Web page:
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The biopesticide was
prepared from locally available low cost ingredients: dried beef blood,
molasses and mineral salts (ZnCl2, MgCl2, MnCl2,
CaCl2CaCl2, and FeCl3) which were used as medium
for the laboratory scale production of Bacillus
thuringiensis (B.t.) bio-pesticide by shake flask technique.
Indigenous B.t. isolate PA-Sb- 46.3
which produced two crystals—bi-pyramidal and cuboidal was found 73.6 times
toxic against H. armigera than
reference strain Bacillus thuringiensis var. kurstaki (HD-I-S-1980) used. Medium
was fermented for 72 hours at 30℃ ± 2℃ and 160 rpm. 72 h fermented medium
showed 95% - 99% sprulation, with spore yield of 3.97 × 109 spores/ml, and LC50 value to 1st instar larvae of H. armigera was 0.53 μg/ml diet.
Preservatives and diluents used in the biopesticide were found to be effective
to store at room temperature over a period of 30 months. These observations suggested
that the biopesticide produced was effective and highly economical for the industrial
scale production to manage H. armigera in
Nutritional value of vegetables and high prices of meat and meat originated food compel common people to consume plant originated food particularly salad vegetables. Microbial population of vegetable surfaces contains a large number of pathogenic bacteria including members of Enterobactereace like Escherichia coli (E. coli). A survey was conducted in three major markets of Rawalpindi, Pakistan. Tomato, lettuce, cabbage and cucumber samples were collected from three shops of each market. Each vegetable was analysed as unwashed and washed for total coliforms, faecal coliforms and E. coli by FAO (Food Quality Manual). About two hundred and fifty E. coli isolates were preserved, serotyped for presence of O157 serotype. Total coliforms, faecal coliforms and E. coli count exceeded the permissible limits in most samples. The highest Total coliforms were associated with cabbage (3.78 log10 cfu/g). Cucumber was the least contaminated by Total coliforms (2.15 log10 cfu/g). E. coli was detected in tomato, lettuce, cucumber and cabbage. Washed samples showed reduced bacterial population. Seventy six isolates of E. coli were biochemically characterized and serotyped for O157 antigen. A majority of strains could not be identified by serotyping. These findings conclude with high potentially pathogenic microbial load on salad vegetables and urge for preventive action on priority basis.
This paper presents the impact of mean maximum temperature on Chitral river basin situated at Chitral district and high altitude (>6000 m) peaks of the Hindukush range under changing climate in Pakistan. The analysis of Chitral River as one of the tributary of Kabul River—the second largest river of Pakistan—revealed that change in temperature has a profound influence on the snow/glacial melt in comparison to the mean monthly rainfall. This is because the studied river is faded by the snow and glacial melt and receives a lot of snowfall from winter (DecFeb) to pre-monsoon (April-May). In monsoon period (Jul-Sep), 30% of the time the discharge rate remains above the mean while 60% of the time the discharge is less than the mean in the pre-monsoon (April-May) period. It means that 10% of the time the discharge is in reach of 300% to 900% of the mean flow, showing a rise in water yield and river discharge rate due to increase in mean monthly maximum temperature. Due to this significant increase (p < 0.05), the glaciers start melting faster and disappear in early summer, hence, reducing their residency period to convert into ice. This shows the signals of changing climate transfer into hydrological changes in Pakistan. Our findings are important for agriculture, hydropower and water management sectors for future planning especially in dry season for sustainable food security and for operation of ydrological installations in the country.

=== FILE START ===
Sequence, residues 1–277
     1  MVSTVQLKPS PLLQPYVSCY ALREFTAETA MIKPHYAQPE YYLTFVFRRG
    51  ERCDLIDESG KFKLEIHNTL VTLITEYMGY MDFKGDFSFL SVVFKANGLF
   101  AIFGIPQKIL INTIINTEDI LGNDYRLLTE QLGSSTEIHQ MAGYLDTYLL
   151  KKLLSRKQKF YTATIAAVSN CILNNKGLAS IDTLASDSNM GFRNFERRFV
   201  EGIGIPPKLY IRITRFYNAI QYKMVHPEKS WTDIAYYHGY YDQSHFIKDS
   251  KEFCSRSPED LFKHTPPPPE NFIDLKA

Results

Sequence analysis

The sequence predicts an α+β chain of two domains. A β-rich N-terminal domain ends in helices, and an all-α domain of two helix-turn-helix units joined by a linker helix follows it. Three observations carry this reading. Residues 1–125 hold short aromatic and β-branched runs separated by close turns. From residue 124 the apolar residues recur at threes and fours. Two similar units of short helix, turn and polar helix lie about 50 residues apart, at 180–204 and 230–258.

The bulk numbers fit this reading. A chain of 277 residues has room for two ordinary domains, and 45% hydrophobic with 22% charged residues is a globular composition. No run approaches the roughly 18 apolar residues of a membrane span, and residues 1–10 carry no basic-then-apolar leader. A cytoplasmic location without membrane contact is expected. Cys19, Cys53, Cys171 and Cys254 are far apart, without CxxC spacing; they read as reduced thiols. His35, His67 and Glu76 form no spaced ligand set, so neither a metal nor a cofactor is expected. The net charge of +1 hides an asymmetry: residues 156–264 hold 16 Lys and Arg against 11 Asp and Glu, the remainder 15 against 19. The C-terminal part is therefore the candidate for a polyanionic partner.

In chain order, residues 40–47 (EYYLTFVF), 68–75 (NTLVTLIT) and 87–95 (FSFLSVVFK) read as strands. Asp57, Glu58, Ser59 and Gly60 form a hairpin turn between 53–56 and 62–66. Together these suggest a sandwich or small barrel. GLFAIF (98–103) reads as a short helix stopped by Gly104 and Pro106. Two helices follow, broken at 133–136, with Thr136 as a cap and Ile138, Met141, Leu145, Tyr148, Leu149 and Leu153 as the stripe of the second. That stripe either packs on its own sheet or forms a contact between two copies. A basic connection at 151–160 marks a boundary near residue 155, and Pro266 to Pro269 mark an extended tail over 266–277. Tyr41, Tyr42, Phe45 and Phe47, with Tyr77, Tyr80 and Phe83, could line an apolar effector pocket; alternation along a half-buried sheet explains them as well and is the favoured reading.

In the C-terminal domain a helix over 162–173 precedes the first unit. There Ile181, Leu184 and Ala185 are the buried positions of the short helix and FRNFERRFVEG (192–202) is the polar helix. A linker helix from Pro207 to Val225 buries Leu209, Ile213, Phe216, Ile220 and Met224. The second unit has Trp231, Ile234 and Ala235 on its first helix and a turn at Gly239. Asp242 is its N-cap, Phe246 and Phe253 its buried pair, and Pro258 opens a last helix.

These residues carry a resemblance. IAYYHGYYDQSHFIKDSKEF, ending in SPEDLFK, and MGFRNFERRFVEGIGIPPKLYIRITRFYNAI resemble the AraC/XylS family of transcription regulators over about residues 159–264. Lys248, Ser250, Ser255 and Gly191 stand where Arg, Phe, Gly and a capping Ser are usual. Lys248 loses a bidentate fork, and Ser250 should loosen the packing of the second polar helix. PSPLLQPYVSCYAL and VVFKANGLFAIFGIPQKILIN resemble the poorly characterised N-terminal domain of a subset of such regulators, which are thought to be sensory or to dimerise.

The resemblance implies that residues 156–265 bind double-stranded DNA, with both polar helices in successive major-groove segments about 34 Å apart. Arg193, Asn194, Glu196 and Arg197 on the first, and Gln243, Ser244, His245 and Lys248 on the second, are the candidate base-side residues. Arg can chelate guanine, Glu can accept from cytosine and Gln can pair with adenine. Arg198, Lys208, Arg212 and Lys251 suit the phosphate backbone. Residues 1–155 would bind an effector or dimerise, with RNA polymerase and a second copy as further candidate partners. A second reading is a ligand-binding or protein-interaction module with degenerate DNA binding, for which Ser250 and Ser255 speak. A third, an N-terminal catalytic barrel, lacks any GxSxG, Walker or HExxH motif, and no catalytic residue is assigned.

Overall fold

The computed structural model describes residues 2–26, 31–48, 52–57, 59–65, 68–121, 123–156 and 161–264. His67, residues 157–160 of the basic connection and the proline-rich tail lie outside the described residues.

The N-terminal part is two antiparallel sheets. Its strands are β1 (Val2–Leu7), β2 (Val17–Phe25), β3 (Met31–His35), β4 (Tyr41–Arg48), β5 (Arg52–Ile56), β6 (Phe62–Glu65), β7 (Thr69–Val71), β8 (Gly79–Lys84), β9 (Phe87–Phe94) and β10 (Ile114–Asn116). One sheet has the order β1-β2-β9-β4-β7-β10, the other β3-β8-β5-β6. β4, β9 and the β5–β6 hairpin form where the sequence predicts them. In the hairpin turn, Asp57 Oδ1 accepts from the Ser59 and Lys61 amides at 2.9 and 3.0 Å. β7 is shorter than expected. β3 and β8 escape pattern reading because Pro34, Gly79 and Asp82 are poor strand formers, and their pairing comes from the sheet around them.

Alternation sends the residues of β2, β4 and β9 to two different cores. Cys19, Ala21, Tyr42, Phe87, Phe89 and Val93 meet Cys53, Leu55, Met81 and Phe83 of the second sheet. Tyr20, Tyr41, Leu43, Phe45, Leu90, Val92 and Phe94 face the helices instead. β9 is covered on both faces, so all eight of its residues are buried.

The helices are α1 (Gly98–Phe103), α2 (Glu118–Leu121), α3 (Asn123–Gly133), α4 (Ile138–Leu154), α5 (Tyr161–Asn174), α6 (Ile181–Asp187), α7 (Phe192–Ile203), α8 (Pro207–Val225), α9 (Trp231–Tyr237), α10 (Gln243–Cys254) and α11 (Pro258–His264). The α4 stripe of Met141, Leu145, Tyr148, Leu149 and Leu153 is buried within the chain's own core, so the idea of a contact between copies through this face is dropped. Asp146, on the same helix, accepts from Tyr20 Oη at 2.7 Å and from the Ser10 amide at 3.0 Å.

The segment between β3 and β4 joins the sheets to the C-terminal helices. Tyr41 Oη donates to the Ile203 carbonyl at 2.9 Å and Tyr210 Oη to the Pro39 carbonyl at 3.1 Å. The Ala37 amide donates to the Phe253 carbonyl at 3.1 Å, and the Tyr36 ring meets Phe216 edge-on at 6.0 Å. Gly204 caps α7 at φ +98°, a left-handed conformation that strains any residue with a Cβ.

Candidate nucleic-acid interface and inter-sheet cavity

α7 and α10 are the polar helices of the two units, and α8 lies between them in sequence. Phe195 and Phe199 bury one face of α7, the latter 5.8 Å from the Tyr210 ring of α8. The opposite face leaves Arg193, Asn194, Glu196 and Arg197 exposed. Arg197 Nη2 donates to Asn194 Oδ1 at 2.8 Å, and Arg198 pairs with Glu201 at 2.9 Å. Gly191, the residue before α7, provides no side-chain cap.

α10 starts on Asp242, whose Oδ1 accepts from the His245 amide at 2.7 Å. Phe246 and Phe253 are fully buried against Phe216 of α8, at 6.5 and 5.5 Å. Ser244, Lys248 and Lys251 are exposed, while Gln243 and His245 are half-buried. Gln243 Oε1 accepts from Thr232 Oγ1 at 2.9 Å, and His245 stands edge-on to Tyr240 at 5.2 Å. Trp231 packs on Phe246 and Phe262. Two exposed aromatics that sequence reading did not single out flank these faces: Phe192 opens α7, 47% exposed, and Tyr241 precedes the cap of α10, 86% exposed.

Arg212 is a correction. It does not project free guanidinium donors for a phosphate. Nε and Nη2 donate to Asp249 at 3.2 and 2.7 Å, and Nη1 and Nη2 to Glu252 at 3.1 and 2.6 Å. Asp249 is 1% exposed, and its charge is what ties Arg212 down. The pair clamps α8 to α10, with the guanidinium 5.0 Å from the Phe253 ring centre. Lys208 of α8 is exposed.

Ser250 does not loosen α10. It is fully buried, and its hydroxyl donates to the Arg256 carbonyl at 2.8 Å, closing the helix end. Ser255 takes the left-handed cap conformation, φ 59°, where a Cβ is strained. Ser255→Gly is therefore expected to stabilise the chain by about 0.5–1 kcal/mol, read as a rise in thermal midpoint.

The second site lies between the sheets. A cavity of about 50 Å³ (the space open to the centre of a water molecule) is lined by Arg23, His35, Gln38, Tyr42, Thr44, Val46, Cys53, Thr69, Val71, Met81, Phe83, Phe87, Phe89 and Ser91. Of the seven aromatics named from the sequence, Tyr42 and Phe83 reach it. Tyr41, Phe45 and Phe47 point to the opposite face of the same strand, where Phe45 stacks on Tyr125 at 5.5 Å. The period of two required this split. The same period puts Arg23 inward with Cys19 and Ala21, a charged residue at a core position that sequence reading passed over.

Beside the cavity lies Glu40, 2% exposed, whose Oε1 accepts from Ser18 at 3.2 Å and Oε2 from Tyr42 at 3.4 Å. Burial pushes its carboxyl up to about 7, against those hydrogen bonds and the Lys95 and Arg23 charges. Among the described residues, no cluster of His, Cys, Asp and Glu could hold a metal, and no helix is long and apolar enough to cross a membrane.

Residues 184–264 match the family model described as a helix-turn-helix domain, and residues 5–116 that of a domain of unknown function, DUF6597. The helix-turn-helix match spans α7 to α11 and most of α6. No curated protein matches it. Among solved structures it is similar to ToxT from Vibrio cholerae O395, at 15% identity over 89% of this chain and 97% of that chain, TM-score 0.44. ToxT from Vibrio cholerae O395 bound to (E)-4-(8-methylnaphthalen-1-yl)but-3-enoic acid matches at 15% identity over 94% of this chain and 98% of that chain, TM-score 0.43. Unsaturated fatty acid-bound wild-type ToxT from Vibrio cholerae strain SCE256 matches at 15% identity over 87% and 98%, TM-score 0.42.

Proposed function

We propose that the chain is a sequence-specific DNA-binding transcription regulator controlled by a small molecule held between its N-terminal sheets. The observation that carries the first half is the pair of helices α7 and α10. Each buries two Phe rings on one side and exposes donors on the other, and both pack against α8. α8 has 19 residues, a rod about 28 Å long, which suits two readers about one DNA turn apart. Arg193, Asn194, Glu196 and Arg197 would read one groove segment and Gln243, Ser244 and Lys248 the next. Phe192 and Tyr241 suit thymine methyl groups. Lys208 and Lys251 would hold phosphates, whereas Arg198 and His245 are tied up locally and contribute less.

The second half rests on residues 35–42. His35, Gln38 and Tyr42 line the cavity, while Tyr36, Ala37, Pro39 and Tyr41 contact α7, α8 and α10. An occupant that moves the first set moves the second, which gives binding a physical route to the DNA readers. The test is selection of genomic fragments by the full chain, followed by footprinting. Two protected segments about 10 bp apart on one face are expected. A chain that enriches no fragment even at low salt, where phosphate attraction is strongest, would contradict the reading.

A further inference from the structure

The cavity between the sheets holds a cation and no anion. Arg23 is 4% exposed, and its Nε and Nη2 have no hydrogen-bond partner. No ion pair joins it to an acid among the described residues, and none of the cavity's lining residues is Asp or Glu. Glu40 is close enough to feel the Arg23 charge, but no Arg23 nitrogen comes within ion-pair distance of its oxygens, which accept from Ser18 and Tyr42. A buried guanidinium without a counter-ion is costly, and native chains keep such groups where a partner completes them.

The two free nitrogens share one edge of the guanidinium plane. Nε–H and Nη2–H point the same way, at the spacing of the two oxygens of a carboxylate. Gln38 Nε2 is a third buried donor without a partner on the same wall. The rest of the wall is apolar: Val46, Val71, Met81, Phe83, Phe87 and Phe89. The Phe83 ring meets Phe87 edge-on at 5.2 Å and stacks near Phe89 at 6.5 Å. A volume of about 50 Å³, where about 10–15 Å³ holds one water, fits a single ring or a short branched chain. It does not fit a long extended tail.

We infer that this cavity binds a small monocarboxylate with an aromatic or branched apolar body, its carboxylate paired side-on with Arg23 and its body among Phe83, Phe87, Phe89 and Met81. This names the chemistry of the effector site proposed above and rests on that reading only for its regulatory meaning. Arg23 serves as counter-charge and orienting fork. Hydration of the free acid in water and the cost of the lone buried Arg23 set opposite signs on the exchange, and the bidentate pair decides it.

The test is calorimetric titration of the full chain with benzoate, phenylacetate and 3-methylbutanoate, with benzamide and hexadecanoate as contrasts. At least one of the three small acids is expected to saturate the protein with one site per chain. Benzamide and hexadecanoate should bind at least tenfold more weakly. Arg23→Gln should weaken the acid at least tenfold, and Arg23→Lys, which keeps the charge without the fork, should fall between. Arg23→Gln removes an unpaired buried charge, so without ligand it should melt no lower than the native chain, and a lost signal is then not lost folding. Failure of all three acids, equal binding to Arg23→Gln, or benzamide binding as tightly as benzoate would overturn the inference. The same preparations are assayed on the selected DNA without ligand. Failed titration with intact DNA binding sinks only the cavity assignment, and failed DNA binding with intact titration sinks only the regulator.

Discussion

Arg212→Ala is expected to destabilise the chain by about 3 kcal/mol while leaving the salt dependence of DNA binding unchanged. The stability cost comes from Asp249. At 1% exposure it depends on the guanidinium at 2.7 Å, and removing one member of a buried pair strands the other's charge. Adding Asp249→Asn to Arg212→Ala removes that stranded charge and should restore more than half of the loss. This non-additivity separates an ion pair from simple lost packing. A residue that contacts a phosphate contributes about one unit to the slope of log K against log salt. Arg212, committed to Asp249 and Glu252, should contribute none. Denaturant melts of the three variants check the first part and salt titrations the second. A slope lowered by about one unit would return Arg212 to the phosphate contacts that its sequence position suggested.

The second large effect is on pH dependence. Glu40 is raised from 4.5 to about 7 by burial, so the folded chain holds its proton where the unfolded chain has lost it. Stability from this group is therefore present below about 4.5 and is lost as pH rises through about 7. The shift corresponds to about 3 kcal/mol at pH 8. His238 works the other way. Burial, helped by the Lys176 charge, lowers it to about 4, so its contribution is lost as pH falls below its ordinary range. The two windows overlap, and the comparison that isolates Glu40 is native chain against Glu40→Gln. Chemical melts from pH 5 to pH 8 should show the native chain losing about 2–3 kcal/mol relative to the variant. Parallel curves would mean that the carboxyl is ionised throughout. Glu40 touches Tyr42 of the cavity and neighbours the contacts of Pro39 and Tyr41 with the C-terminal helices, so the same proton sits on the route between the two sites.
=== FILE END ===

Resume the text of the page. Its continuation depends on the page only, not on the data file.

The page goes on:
Nitrogen and sulfur supplies have a strong influence on the physical characteristics of crop as well as on the quality and quantity of wheat storage proteins, which play an important role in bread-making process. In order to evaluate the contribution of soil and foliar fertilization of nitrogen and sulfur on physiological and quality assessment of wheat, a field trail was carried out having randomized complete block design with four replications and eight different treatments of nitrogen and sulfur combinations were allotted to plots at different growth stages. Results indicated that highest protein content (12.82%), maximum moisture content (10.9%), maximum crop growth rate and maximum absolute growth rate were recorded when the wheat crop was fertilized with T8 [Nitrogen @ 60 kg·ha-1 at sowing + 40 kg·ha-1 at tillering + 10 kg·ha-1 at anthesis (spray) + 10 kg·ha-1 after anthesis (spray)] + [Sulfur @ 15 kg·ha-1 at sowing + 10 kg·ha-1 at anthesis (spray) + 5 kg·ha-1 after anthesis (spray)], while control practice resulted low moisture content, low protein, minimum crop growth rate and low absolute growth rate. Among physiological components of wheat cultivars, leaf area index was enhanced when fertilization was done with T5 (Sulfur @ 15 kg·ha-1 at sowing + 10 kg